So sorry this happened to you, Joanna! I can sympathize because I went through a very trying period of dealing with an insidious virus that infected my computer system. While the two experiences may not be exactly the same, both situations were no doubt equally trying.

    It takes real persistence and determination to correct these kinds of problems. I’m sure your post will prove helpful to your fellow WordPress bloggers — both in providing guidance to those whose sites have already been hacked and in offering preventive measures to those fortunate enough not to have faced this issue firsthand.

  13. Cheryl Wright says:

    So sorry to hear about your experience Joanne. “Coming Out” is one of the best things you can do for yourself as well as for your follow bloggers.

    Thank you for sharing your story and links to resources that can prepare us for and help extricate us from the same scenario.

    God bless.

    Cheryl

  14. Joanna
    Twitter: joannapaterson
    says:

    Marion thank you - that’s really why I thought I needed to write and share this. I wanted to try and bring it a little closer to home.

    Julie these things can happen so quickly - just a few seconds, or a click on something dodgy… then hours and hours of aaaaargh!

    Neil it did, it really did. Thanks for sharing the resources you do.

  15. Joanna
    Twitter: joannapaterson
    says:

    wolfgang no idea I’m afraid, but please see John’s resposne to you elsewhere in this comment thread.

    Cath as usual you hit the nail bang on the head: “the bogging version of nits”. I know exactly what you mean. Glad your problems are behind you too

  16. Diana says:

    I have no idea what hell your getting hacked would have created for you, but I am off to read these suggestions/solutions today! Thank you!

    (I am on a Mac not a PC, does that protect me from what you experienced?)

  17. Karen Swim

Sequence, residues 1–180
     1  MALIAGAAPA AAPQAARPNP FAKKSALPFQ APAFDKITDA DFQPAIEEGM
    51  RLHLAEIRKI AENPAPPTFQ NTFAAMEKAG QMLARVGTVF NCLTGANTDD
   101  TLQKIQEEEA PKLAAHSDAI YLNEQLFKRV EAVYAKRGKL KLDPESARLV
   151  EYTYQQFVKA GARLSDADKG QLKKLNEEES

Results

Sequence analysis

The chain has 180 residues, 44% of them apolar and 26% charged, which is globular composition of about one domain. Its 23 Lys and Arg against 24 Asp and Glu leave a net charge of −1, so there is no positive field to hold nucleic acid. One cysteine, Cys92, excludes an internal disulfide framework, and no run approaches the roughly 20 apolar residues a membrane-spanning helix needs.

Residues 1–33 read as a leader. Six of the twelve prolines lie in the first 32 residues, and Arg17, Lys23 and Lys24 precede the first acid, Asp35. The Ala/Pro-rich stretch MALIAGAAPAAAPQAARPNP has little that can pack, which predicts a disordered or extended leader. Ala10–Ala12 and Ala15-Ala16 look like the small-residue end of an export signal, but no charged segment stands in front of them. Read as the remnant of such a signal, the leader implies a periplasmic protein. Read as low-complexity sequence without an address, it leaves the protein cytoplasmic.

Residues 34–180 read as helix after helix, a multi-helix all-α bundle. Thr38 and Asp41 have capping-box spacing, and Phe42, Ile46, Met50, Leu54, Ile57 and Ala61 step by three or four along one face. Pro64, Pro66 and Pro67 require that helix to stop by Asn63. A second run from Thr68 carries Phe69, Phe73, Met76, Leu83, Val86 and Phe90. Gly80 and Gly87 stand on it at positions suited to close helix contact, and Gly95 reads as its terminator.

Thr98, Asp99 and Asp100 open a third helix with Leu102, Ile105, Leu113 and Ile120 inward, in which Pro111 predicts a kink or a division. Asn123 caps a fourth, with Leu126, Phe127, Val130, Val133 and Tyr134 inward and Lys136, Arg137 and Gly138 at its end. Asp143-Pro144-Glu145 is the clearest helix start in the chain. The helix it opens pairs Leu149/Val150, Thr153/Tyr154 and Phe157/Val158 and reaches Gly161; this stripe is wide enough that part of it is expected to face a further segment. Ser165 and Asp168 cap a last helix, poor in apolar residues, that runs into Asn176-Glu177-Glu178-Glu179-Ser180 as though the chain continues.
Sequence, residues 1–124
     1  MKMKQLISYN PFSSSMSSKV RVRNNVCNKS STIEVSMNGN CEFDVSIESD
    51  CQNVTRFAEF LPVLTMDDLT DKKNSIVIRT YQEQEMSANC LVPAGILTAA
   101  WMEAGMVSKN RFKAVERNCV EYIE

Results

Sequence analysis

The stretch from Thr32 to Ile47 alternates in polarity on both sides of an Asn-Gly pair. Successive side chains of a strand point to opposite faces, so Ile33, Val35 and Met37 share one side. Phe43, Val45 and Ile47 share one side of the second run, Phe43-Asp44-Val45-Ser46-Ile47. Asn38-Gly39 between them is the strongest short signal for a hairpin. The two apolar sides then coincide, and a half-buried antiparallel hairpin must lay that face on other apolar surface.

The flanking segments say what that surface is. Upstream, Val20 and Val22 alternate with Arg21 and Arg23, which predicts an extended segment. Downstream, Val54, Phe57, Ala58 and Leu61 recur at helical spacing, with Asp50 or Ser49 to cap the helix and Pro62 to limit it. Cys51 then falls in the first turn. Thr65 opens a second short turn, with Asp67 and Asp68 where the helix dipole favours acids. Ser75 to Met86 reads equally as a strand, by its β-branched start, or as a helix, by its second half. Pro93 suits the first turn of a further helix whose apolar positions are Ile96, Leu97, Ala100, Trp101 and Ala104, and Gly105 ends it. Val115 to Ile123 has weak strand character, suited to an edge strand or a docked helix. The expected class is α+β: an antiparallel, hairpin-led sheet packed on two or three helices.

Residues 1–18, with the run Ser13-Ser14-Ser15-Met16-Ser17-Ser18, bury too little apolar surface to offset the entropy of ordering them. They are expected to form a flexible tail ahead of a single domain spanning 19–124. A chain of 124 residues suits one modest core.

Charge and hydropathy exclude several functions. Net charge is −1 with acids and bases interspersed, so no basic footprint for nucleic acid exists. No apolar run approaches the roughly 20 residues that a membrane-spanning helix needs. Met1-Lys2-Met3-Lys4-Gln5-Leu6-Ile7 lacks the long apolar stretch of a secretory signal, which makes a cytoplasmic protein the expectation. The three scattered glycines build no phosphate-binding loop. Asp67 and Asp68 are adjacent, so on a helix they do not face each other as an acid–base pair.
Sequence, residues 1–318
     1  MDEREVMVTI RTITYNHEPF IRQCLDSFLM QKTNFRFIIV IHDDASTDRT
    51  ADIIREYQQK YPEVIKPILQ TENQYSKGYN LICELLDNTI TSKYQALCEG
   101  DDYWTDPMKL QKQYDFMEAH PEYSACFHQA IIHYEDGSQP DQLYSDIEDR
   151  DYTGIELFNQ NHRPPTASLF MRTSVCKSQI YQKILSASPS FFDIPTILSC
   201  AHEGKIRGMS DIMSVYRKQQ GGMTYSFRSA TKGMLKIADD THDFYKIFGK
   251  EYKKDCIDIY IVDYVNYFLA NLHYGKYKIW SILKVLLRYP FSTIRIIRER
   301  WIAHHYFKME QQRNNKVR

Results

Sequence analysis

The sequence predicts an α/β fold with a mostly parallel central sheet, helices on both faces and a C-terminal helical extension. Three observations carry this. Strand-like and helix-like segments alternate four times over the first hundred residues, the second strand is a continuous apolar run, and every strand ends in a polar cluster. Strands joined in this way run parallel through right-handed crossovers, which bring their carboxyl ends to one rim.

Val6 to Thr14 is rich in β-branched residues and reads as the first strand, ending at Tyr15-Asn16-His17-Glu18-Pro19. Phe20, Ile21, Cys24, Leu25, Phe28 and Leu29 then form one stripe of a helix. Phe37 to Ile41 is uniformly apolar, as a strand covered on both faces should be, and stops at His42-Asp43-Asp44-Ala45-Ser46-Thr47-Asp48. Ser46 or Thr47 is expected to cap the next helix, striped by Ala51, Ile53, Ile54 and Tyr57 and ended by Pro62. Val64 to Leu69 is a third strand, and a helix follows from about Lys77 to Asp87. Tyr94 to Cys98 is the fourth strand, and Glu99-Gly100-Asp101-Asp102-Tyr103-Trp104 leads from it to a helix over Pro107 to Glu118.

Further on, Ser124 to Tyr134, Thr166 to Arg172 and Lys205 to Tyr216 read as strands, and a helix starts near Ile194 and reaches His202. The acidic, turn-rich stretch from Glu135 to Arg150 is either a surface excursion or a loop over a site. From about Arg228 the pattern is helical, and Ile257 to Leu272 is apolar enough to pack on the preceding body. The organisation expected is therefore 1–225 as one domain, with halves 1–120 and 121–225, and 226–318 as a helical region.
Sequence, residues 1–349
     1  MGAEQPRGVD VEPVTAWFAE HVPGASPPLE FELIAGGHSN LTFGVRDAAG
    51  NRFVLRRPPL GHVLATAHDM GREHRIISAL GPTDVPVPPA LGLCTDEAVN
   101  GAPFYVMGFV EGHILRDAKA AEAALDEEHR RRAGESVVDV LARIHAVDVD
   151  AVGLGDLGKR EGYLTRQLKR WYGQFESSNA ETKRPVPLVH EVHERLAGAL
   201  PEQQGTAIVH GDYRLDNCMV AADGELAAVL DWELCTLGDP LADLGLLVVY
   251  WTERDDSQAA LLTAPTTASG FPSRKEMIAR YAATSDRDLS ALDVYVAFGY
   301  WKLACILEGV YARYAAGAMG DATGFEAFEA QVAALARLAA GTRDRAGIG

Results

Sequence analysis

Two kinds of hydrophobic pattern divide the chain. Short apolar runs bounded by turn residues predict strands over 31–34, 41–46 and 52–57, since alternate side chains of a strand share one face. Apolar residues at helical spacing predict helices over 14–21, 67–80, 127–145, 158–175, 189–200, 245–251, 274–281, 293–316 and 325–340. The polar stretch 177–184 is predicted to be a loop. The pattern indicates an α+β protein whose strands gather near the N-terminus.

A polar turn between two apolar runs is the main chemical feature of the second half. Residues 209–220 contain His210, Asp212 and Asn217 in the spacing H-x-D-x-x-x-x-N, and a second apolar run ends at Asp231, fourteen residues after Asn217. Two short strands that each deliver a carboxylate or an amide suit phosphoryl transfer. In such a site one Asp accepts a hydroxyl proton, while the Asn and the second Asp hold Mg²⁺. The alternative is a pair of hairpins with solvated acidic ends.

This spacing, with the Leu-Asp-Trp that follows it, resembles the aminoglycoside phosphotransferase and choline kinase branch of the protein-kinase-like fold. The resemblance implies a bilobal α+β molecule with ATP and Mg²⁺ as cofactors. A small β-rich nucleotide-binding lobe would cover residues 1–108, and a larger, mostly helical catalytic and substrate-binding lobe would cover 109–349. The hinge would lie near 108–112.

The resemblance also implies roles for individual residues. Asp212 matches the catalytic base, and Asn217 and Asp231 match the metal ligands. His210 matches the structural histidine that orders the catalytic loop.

Twitter: karenswim
    says:

    Oh Joanna I am so sorry! Yes, I’ve lived this nightmare with a client and it was horrible. His site even got banned from Google. I cried on a few occasions. I think the cure was worse than the humiliation of the attack but I did end up with good security resources, Webroot for my own systems and a vigilance about being more careful. Thank you for sharing Joanna, we all need to be reminded about security.

  18. Joanna
    Twitter: joannapaterson
    says:

    Diana I’m no expert, but I very much doubt it, sorry!

    Karen the more I read about this the more I realise it’s not such an out of the ordinary event - horrible, really horrible as it is. (Yes, I cried too ;-) ) Hopefully forewarned is forearmed though…

  19. Sonia Simone says:

    Joanna, happened to me too! I was so sure that I was too sophisticated for such things to affect me. Only sloppy users get hacked, right? People who click on obvious scams? Nope. Oops.

    I can’t recommend Securi.net highly enough — they helped me clean out Remarkable Communication amazingly quickly (after I spent weeks and three different developers trying to close all the nasty little back doors), and they also monitor the site multiple times a day to warn me if anything happens again.

    We just had one of our CB writers hacked (his personal site, not CB) as well. It’s so insidious. It does happen to smart, web-savvy users!

    And it’s such an awful feeling. I know what Karen means, it really does make you want to cry. Then take a shower.

  20. Sonia Simone says:

    @Diana, nope, being on a Mac does not protect you (many Mac folks are a little complacent about security), because what’s hacked is your WordPress site, which doesn’t live on your Mac.

    I also have a feeling that it’s only a matter of time before we see some ugly Mac viruses. My computer genius friends tell me there are some security loopholes in the Mac OS that could be exploited by bad guys.

  21. Joanna
    Twitter: joannapaterson
    says:

    Sonia thanks so much for sharing your experience here, even though it’s a reminder of what truly is a gruesome experience. I’m sorry you had to go through this too. Thanks for the tip about Securi.net too - will check that out.